Microsoft is warning hospitals that sophisticated ransomware attacks are trying to exploit remote workers to gain access to their networks.
As healthcare organizations move their nonessential employees to work remotely during the COVID-19 pandemic, ransomware operators are trying to find vulnerabilities in network devices like gateway and virtual private network (VPN) appliances.
Through Microsoft’s network of threat intelligence sources, the tech giant identified several dozen hospitals with vulnerable gateway and VPN appliances in their infrastructure, Microsoft’s Threat Protection Intelligence Team wrote in a blog post Wednesday.
The company sent targeted notifications to these hospitals with information about the vulnerabilities, how attackers can take advantage of them and a strong recommendation to apply security updates that will protect them from exploits of these particular vulnerabilities and others.
Microsoft’s warning also comes as videoconferencing platform Zoom tries to address privacy and security problems. Federal and state lawmakers are pressing the company for more answers about its data privacy and security practices amid reports that internet trolls have exploited a Zoom screen-sharing feature to hijack meetings, or what’s called “Zoombombing.”
While cyberattackers have been known to exploit vulnerabilities in network devices, more and more human-operated ransomware campaigns are seeing the opportunity and are jumping on the bandwagon, Microsoft said.
Human-operated ransomware campaigns are a cut above “run-of-the-mill” commodity ransomware campaigns and pose a significant and growing threat to businesses. These hands-on-keyboard attacks, which are different from auto-spreading ransomware like WannaCry or NotPetya, employ credential theft and lateral movement methods traditionally associated with targeted attacks like those from nation-state actors, Microsoft said in a recent blog post.
A ransomware campaign called REvil (also known as Sodinokibi) actively exploits gateway and VPN vulnerabilities to gain a foothold in target organizations. Once attacks breach the network, they steal credentials, elevate their privileges and move laterally across compromised networks to ensure persistence before installing ransomware or other malware payloads, according to Microsoft.
Cybercriminals behind these attacks exhibit “extensive knowledge of systems administration and common network security misconfiguration.”
“They employ human-operated attack methods to target organizations that are most vulnerable to disruption—orgs that haven’t had time or resources to double-check their security hygiene like installing the latest patches, updating firewalls, and checking the health and privilege levels of users and endpoints—therefore increasing probability of payoff,” the Microsoft team wrote.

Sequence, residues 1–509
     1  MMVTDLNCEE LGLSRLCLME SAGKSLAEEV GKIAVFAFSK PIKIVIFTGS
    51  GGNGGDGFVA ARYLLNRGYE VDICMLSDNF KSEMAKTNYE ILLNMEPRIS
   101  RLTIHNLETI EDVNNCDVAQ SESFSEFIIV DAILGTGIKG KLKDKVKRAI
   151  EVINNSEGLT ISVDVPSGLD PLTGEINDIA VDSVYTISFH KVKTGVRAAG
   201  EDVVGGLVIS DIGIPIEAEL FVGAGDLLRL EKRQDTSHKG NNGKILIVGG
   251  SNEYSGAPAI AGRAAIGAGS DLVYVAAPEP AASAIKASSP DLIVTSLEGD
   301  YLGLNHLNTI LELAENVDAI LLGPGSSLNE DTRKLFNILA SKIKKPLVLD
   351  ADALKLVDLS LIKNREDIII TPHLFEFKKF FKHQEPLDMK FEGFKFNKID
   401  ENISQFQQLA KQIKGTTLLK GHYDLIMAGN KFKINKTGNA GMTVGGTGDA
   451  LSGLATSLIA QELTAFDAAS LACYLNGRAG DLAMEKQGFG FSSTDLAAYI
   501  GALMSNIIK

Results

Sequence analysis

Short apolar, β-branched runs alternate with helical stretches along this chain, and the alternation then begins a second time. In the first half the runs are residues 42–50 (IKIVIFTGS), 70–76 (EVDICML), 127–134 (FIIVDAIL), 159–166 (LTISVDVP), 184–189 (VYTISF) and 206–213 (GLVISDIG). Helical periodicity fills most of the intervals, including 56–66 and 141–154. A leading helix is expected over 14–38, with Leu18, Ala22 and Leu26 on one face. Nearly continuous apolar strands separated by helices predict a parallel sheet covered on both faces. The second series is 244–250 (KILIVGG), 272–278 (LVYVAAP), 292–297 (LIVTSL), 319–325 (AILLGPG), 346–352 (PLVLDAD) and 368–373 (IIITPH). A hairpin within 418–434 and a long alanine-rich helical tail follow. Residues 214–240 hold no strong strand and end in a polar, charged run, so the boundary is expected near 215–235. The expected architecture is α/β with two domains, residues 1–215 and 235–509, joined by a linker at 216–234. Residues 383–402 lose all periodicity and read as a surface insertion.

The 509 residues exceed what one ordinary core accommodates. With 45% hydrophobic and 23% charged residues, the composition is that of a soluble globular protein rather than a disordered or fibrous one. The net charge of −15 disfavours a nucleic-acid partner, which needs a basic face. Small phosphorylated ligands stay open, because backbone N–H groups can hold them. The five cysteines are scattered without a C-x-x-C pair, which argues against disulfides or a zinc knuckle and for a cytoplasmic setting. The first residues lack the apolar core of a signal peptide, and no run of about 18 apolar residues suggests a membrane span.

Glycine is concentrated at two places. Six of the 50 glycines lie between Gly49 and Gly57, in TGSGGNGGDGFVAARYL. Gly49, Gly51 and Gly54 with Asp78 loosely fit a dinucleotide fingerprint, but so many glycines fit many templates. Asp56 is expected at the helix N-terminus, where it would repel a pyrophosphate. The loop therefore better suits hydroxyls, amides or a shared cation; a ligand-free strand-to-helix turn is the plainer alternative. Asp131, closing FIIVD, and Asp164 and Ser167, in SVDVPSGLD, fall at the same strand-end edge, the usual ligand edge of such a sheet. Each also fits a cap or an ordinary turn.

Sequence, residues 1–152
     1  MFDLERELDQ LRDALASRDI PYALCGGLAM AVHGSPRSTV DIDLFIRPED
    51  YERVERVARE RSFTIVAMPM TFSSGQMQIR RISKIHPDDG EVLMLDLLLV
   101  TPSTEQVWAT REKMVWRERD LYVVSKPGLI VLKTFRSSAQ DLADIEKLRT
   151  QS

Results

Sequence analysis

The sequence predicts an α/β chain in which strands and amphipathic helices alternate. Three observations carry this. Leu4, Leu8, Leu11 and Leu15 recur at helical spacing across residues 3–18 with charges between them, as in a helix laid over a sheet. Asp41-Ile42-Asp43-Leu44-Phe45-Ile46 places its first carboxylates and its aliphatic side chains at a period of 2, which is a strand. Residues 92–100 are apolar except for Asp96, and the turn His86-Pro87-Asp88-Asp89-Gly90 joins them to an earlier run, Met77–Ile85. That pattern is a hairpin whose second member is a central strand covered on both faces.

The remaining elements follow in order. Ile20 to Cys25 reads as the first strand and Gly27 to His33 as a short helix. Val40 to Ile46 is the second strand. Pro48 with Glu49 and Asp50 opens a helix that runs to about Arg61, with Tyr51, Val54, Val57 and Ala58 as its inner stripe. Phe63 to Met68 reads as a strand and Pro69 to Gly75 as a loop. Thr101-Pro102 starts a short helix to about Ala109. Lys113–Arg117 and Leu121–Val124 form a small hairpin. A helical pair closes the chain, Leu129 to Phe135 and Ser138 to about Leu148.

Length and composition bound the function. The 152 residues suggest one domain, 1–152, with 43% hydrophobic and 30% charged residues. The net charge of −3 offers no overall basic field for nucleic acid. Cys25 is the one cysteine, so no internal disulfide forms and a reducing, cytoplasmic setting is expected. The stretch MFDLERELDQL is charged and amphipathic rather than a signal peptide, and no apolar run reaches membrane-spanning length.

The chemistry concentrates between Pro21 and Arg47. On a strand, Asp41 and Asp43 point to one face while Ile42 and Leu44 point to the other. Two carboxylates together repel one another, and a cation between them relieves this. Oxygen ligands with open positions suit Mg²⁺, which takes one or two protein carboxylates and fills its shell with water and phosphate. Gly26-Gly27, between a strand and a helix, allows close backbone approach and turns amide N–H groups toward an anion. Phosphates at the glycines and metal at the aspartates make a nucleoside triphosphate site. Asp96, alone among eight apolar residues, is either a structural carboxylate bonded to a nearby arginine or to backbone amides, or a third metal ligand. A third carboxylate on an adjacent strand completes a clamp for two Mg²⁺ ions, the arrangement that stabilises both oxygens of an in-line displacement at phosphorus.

These attacks also typically persist on networks undetected, sometimes for months on end. This makes the ransomware more difficult to remediate, because it can be challenging for security teams to extensively hunt to find where attackers have established persistence and identify email inboxes, credentials, endpoints or applications that have been compromised.
To immediately reduce the risk of a ransomware attack, Microsoft recommends hospitals take the following actions:
- Apply all available security updates for VPN and firewall configurations.
- Monitor and pay special attention to remote access infrastructure. Any detections from security products or anomalies found in event logs should be investigated immediately. In the event of a compromise, ensure that any account used on these devices has a password reset, as the credentials could have been exfiltrated.
- Turn on attack surface reduction rules, including rules that block credential theft and ransomware activity. To address malicious activity initiated through weaponized Office documents, use rules that block advanced macro activity, executable content, process creation and process injection initiated by Office applications. To assess the impact of these rules, deploy them in audit mode.
- Turn on AMSI for Office VBA if the organization uses Office 365.
Healthcare organizations should review guidance on securing VPN/virtual private server infrastructure from the Department of Homeland Security’s Cybersecurity and Infrastructure Security Agency and the Department of Commerce’s National Institute of Standards and Technology.
Microsoft also published a report on mitigation strategies that organizations can adopt to help make networks resistant against these ransomware threats and cyberattacks in general.